DRAWING WITH DNA
Interactive ‘Bioart’ Installation Illuminates Genomics
By Inga Kiderra
On any given
day, tens of thousands of biologists around the globe run DNA
sequences of unknown function through a lightning-fast online
algorithm called BLAST – typically submitting 200 to 400
base pairs, or “letters” of genetic code, to be
matched against the billions of letters for known genes. Searching
for similarities that can shed light on functional or evolutionary
relationships, scientists routinely use BLAST to churn through
and produce vast amounts of data. Everyday applications include
genetic medicine and pharmaceuticals. Yet this process and,
more generally, genomics remain dimly understood by the public.
an interactive “bioart” installation to be showcased
at SIGGRAPH 2005 – in Los Angeles, July 31 through Aug.
4 – quite literally makes BLAST and genomics visible.
"Ecce Homology" custom software turns
incomprehensibly long strings of genetic code
into luminous, scientifically accurate visualizations
that resemble calligraphy. Shown here, the DNA
sequence which codes for human amylase, alpha
1A, salivary and its pictogram. Courtesy
Headed up by new-media
artist Ruth West – director of visual analytics and interactive
technologies at the University of California, San Diego National
Center for Microscopy and Imaging Research and research associate
with the UCSD Center for Research in Computing and the Arts
– the “Ecce Homology” project is an ongoing
collaboration among 11 biologists, artists and computer scientists
from UCSD, UCLA and the University of Southern California.
Named after Friedrich
Nietzsche’s Ecce Homo, a meditation on how one
becomes what one is, the project explores human evolution by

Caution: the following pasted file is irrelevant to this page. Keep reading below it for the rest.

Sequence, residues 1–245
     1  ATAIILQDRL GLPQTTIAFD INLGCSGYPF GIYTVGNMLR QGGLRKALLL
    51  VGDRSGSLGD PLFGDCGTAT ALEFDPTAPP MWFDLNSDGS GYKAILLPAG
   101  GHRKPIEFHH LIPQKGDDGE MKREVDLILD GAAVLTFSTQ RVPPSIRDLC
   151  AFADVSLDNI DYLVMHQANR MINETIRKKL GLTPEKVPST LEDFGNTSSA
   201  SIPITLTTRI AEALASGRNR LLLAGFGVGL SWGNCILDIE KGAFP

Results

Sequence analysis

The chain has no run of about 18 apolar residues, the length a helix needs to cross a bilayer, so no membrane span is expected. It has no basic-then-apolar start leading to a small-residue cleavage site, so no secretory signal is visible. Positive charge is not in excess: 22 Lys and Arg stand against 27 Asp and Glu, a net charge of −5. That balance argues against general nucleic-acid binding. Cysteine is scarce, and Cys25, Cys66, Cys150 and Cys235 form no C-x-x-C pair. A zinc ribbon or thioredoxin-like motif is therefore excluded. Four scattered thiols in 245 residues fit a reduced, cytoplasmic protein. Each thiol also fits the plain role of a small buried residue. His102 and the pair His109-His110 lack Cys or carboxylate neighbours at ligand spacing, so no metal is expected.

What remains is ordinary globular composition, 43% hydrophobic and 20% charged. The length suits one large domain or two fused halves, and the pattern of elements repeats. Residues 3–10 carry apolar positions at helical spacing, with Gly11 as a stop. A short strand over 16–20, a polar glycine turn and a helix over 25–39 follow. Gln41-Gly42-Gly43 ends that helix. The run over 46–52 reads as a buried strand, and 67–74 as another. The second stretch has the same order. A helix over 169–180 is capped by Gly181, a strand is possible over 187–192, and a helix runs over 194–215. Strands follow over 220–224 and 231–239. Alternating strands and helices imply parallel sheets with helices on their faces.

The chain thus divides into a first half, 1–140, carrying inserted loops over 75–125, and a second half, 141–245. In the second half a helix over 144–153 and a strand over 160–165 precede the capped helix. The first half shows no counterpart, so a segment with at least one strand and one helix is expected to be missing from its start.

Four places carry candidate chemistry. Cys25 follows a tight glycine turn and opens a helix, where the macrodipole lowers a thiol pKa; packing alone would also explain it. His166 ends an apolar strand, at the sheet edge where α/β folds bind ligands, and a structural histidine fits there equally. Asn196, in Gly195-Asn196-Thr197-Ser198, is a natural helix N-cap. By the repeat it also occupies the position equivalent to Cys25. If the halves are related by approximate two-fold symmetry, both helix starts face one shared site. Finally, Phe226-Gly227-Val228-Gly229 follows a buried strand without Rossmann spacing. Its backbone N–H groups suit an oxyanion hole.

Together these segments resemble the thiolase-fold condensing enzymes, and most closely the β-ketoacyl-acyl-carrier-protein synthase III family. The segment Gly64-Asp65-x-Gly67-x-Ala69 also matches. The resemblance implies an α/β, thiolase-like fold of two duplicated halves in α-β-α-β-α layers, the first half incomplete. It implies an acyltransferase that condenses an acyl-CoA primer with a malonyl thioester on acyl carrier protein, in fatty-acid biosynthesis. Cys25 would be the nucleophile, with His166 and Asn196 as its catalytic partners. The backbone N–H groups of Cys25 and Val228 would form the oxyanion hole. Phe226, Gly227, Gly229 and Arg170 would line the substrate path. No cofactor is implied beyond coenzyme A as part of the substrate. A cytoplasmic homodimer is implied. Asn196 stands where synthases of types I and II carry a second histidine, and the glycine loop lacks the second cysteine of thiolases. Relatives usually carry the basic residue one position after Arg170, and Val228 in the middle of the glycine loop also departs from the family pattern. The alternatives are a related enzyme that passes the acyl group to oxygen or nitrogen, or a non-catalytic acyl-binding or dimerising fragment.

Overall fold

examining similarities – a.k.a. “homology”
– between genes from human beings and a target organism,
in this case the rice plant.
“We are living
in a time when we are generating enormous amounts of genetic
data,” said West, who trained as a microbiologist and
began her career in medical genetics. “But data is not
knowledge – it’s not even information. A key concept
of ‘Ecce Homology’ is to make an important subject
like genomics accessible to the general public.”
uses a combination of dynamic media, computer vision and computer
graphics to visualize genomic data.
analysis of a human gene - as
visualized by "Ecce Homology."
Courtesy Ruth West
Custom software turns
genes – incomprehensibly long strings of As, Cs, Ts and
Gs – into luminous pictograms that resemble Chinese or
Sanskrit calligraphy. Based on currently available biophysical
information, the pictograms are scientifically accurate representations
of proteins encoded for by the genes.
In the SIGGRAPH installation,
the representations are rendered in a 40-foot wide and 12-foot
tall space by five video projectors, with the figures for human
genes/proteins shown along a vertical axis and for the rice
along a horizontal.
A whole-body computer
vision interface tracks the movements of visitors and allows
them to interact with the installation. By moving their bodies
slowly within the space, visitors can draw shimmering light-filled
traces. When a trace sufficiently matches a pictogram in the
human dataset, it triggers a real-time bioinformatics comparison:
BLAST begins to run, searching through the rice data for a homologue
– conducting in a novel (and visible) way the same sequence
analysis done by scientists. Results are presented as two superimposed
interact with "Ecce Homology." Watch
video of the 2003 installation
at the UCLA Fowler Museum. Courtesy
visualization reduces the complexity of sequence codes to the
sorts of shapes or patterns that a human being can make sense
of,” West said. “It is an artistic approach to extracting
what’s important. And it is also an exploration of what
art might have to offer for discovery in the sciences.”
premiered in 2003 at the UCLA Fowler Museum of Cultural History.
At SIGGRAPH 2005, “Ecce
Homology” is being showcased as part of the international
conference’s Art Gallery and its Emerging Technologies
program. It will also be featured in the August 2005 issue of
Leonardo, an art, science and technology journal from
The project is supported
by Intel Corp., NEC Solutions America/Visual Systems Division
and groups at UCSD, UCLA and USC.
To learn more: http://www.insilicov1.org/
For more about SIGGRAPH
Media Contact: Inga
Kiderra, (858) 822-0661